Elsewhere in Willoughby Hills, a sighting of a northern mockingbird. The harbinger of global warming was seen at Airport Greens Golf Course. Also, the plague of eastern kingbirds this summer continues. Several seen at the golf course.

Friday, July 11, 2008

State straddle

The past few days have been a tale of Northeasts--northeastern Illinois, northeastern Indiana and northeastern Ohio. We departed Wednesday from Chicago and arrived at Pokagon State Park, in Indiana, later that night. The campground has a lot of potential--wooded sites, nice online reservation system--but was a bit disappointing. As the problem has been in the past, raccoons and other varmints were lurking in the woods around the sites. They were ready to pounce at the slightest sign of humans. In our case, no food out at all and yet they were creeping up on us.

Also, maybe I haven't camped in the lower Midwest in midsummer for a while, but there were a ton of bugs around. A plague of daddy longlegs descended on our tent, and the mosquitoes were fierce in the morning. Our tent was set up on a hardpan dirt surface that made sleeping incredibly uncomfortable. Anyway, we'll probably stay in the nearby Potawatomi Lodge next time around.

It was a perfect summer morning amid the glacial lakes, marshes and woodlands of the region. We meandered a bit by car and found the point where Indiana, Michigan and Ohio come together. Representative really of nothing, though there was a stone marker signifying the convergence of the boundaries. It took a three-point stance to straddle all of them at once.

All told--40 plus bird species already and should be more to follow.

Saturday, July 5, 2008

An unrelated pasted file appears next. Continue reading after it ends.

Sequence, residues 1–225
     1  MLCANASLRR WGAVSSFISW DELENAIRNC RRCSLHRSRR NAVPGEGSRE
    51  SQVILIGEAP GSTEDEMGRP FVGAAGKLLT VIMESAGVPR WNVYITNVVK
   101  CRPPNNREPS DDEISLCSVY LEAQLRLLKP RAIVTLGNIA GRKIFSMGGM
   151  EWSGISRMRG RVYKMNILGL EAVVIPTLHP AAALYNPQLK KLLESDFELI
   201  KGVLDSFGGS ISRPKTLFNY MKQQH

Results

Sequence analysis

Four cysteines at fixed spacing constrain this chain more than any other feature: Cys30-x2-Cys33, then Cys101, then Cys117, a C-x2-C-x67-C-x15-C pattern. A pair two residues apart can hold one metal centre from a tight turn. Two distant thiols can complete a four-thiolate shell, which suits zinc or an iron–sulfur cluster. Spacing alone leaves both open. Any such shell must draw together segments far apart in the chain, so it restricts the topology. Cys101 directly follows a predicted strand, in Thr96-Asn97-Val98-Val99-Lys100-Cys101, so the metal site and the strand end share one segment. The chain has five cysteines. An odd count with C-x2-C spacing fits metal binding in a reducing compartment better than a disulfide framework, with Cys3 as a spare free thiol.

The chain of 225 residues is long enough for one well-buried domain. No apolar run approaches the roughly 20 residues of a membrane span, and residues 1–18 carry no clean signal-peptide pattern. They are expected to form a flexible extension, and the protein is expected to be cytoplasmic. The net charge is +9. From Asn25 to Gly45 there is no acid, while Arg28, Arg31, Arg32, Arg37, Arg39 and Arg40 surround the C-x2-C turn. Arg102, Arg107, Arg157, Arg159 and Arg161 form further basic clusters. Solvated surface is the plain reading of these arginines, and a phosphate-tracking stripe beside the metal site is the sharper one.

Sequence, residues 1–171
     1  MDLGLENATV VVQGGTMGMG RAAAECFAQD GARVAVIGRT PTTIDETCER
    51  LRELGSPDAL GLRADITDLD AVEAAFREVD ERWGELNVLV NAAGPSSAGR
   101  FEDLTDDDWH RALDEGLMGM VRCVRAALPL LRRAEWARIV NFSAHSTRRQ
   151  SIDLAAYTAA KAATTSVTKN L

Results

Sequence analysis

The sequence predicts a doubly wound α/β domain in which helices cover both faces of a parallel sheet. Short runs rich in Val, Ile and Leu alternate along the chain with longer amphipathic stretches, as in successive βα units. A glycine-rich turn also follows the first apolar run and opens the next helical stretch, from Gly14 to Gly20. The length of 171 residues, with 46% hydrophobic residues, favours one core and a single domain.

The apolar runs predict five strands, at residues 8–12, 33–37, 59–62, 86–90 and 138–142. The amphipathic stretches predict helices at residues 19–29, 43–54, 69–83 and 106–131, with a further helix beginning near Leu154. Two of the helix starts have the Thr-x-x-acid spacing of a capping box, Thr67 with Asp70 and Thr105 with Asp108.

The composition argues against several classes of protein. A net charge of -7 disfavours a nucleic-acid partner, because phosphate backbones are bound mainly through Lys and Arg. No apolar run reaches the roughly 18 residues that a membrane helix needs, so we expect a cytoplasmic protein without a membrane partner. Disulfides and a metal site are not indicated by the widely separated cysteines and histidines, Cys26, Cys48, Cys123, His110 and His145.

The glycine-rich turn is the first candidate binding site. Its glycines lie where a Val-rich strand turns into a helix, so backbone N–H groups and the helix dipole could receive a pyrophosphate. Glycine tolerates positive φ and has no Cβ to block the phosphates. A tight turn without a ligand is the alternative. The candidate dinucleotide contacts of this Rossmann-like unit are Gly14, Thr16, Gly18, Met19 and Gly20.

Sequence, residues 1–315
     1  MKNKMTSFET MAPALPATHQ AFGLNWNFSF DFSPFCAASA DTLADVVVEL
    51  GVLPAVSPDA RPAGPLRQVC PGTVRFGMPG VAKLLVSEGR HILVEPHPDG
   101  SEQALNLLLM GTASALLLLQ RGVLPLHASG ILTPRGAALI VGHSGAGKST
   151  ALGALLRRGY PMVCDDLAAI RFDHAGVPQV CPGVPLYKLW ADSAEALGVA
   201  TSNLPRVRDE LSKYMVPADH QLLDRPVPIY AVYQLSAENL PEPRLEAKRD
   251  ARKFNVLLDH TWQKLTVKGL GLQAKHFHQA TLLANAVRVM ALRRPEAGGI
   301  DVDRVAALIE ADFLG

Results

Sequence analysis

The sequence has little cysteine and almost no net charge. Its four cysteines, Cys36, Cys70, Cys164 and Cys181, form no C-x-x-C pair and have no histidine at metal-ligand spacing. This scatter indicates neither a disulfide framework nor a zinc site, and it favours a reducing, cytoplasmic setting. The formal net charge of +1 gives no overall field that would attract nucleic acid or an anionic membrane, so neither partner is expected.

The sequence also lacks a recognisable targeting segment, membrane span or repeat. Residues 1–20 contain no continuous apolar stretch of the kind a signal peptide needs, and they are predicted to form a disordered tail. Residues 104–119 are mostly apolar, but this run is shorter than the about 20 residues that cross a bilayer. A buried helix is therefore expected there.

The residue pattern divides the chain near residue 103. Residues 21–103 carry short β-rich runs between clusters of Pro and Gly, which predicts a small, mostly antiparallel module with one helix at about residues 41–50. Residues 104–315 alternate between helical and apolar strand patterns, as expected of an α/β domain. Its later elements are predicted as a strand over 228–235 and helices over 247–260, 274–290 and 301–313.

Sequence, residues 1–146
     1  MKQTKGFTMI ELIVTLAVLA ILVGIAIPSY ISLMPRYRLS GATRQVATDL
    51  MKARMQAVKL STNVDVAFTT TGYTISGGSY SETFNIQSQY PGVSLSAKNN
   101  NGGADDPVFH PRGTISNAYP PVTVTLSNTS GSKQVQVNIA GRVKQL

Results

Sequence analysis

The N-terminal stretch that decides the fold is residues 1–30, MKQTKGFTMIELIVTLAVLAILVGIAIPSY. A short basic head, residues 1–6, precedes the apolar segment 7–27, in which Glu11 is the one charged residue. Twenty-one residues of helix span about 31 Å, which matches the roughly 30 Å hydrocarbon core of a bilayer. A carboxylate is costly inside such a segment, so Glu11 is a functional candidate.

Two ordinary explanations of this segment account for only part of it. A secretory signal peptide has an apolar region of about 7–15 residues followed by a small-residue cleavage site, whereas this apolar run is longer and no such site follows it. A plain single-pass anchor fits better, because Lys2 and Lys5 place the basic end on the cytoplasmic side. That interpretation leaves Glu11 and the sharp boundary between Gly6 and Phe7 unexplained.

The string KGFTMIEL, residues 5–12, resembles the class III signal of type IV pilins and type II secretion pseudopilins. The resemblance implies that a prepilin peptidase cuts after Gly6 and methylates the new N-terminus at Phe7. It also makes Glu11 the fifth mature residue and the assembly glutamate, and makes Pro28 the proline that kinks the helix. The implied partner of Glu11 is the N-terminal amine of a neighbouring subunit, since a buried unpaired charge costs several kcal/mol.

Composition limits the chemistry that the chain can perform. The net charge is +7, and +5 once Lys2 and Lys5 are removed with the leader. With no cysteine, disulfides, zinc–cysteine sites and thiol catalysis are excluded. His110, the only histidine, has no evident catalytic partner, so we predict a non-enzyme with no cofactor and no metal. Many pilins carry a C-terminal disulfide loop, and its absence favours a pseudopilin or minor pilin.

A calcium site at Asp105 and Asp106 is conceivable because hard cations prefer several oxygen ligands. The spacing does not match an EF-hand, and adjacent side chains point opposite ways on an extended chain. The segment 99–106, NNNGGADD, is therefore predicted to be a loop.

Good morning

The Tour de France started today, and I'm here with a somewhat live blog of the action...

7:30 a.m. - Versus begins the telecast with a dramatic narrator describing the geological forces that shaped the Alps.

7:34 - Ah, Phil Liggett, Paul Sherwen and Bob Roll make their first appearance.

7:36 - A lengthy conversation about doping. The past two Tours have been ravaged by drugs. Team Astana, including new signee and 2007 Tour winner Alberto Contador, already has been banned this year for past transgressions.

7:44 - Top sprinter Tom Boonen has been barred from the tour for using a "social" drug: cocaine.

7:47 - Predictions for Stage 1. Sherwen: Oscar Freire. Liggett: Thor Hushovd. Roll: Fabian Cancellara. Craig Hummer (I miss Al Trautwig): Riccardo Ricco(?).

7:50 - The last time the race ended in Plumelec, in 1997, the winner was Erik Zabel. Zabel is in the Peloton today, too.

7:56 - There are two American teams in the Tour for the first time: Garmin-Chipotle and Team Columbia.

8:00 - We join the stage in progress and there's been a crash near a feeding station. A Cofidis rider went down in the Peloton. He has to abandon just 55 miles into the Tour.

8:02 - T-Mobile no longer is fielding a team in the Tour. This is the team, once known as Team Telekom, that had given us the likes of Jan Ullrich and Andreas Kloeden. They were like the Cobra Kai of cycling. They'll be missed.

8:08 - There's an early breakaway. I've never neard of these guys other than Thomas Voeckler. They have a 4 minute, 11 second advantage.

8:12 - Liquigas again is fielding a team. I will look up what Liquigas does before the end of the stage.

8:23 - The crashed rider is diagnosed with a broken wrist. Cyclists break wrists and collarbones like we get paper cuts.

8:33 - There's a guy playing bagpipes next to the road.

8:34 - A check of Wimbledon -- Serena Williams leads Venus Williams by a break, first set. NBC doesn't bother with last names in its score box.

8:50 - Sprinter Alessandro Petacchi is barred this year for too much nasal spray, says Liggett. Cycling is bizarre.